10 Trends You Will Continue to See In 2014

Many businesses ask me what do you see happening in the next 12 months. They ask me question like:

What should we expect?

Where should we be investing?

What should we be thinking about to keep ahead of the curve?

The list below is not particular to anyone industry, rather a general overview of the state of the analytics ecosystem at a particular moment in time. For many industries, if they were to focus on a single item below it would perform wonders for their business, and yet others would need to adapt for more.

  1. Data science move to the every-man.
  2. Analytics will drive cloud-based business solutions.
  3. Cloud data warehouses transform the process from months to days.
  4. Business individuals began to have expectation of flexibility and usability in their dashboards.
  5. No longer is retrospective views of the data enough, so the addition of prospective views become important.
  6. Embedded analytics begins to to come into mainstream business.
  7. Dashboards with context become important, hence narrative around the data becomes key.
  8. Business users began to seek information wherever they are and not just at their desktop.
  9. Social media becomes a measures of competitive advantage for organizations.
  10. NoSQL will become increasingly more important as organizations attempt to work with unstructured data.

It is fabulous time to be involved in analytics and organizations of all types. We are at a new frontier of business that we should all be excited by rather than intimidated by.

The Death of the Data Scientist?

There has been a lot of chatter recently around the notion that data scientist are soon to be replaced by a 30/hr specialist from places like Odesk, Freelancer, and Elance.  Before we go down the path of can we replace a data scientist, let us take some time to hone in on exactly what a data scientist does? Being candid, there is a plethora of answers to this question.  If we mean, a person who pull together a data summary or modeling task that has been well-defined before they even encounter the problem, then I think it is absolutely possible to come in at a30/hr price. In truth, I see that time of data scientist being replaced by automated software without having to deal with a freelancer at all. Look to how other scenarios like this have occurred, such as online marketing or site development.

But we need to focus on the concept “the data problem was previously well-defined”.

Data scientist who achieve higher salaries happen to be in either two distinct camps:

1) The Engineer:

This individual knows how to choose the proper tools and infrastructure to solve a specific, technology laden data problem. These individuals usually work on the leading edge of a problem or at times there may be very few examples of this problem being worked in global community. This is markedly different than the well-defined problem of the freelancer situation we defined earlier.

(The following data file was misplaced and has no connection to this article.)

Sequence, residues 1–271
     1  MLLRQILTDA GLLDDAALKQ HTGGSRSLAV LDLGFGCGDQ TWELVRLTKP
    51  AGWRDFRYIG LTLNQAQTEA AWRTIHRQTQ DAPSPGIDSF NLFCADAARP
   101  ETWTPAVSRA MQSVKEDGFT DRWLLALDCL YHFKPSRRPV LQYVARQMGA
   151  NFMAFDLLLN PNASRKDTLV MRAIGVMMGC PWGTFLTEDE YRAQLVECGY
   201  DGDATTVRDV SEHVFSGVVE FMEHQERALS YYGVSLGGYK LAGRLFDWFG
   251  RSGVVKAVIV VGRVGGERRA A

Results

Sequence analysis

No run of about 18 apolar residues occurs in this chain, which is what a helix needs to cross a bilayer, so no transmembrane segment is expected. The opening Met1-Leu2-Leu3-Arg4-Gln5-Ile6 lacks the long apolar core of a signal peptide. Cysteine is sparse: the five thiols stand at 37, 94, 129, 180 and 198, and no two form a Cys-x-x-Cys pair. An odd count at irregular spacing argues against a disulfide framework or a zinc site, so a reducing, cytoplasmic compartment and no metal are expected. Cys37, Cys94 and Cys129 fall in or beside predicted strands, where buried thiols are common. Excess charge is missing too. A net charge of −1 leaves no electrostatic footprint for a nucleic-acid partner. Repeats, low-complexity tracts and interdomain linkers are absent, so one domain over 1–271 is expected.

2) The Communicator:

This individual knows the technical side of what data science is and how to get at solutions, but there strength is in the story telling. Many times business leadership is unknowing about what is possible with data science and for that they need a translator of sorts. These types of individuals encounter organizations that know they have a problem to solve, but they do not necessarily know how to frame the question so that it can be satisfied by the data. These business look for someone who is personable and not thousands of miles away to guide  them through what they feel is incredibly difficult and important.

While it is certainly true that there may segments of data science which are automated, there will certainly always be a place for problem solvers – think physicians, attorneys, developers, consultants, etc. Like these roles just mentioned, data scientist is not simple a role.

Not all data scientist are performing rote tasks.

There will always be a place for individuals skilled at solving leveraging technology to solve complex business problems and we will have to invest more than $30/hr to garner their expertise.

R: Numbers

In general, numbers in R are treated as numeric objects.

For example,

 3 # numeric object
[1] 3
 3L # explicitly gives an integer
[1] 3
 Inf # a special number which represents infinity
[1] Inf
 1/0
[1] Inf
 1/Inf # can be used in calculations
[1] 0
 0/0 # NaN ("not a number"); also, seen as a missing number
[1] NaN

 

Numerics are also decimal values in R. This happens by default, so that if you create a decimal value for x that is will be of the numeric type.

 x = 8.3 # create x which a decimal value
 x # print the value of x
[1] 8.3
 class(x) # what is the class of x?
[1] "numeric"

 

Even when assigning an integer to a variable such as N, it is still being retained as a numeric value.

 N = 43
 N #print the value of N
[1] 43
 class(N) # what is the class of N?
[1] "numeric"

 

You can further confirm that N is not an integer by using the is.integer function.

 is.integer(N) # is N an integer?
[1] FALSE
 is.numeric(N) # is N numeric?
[1] TRUE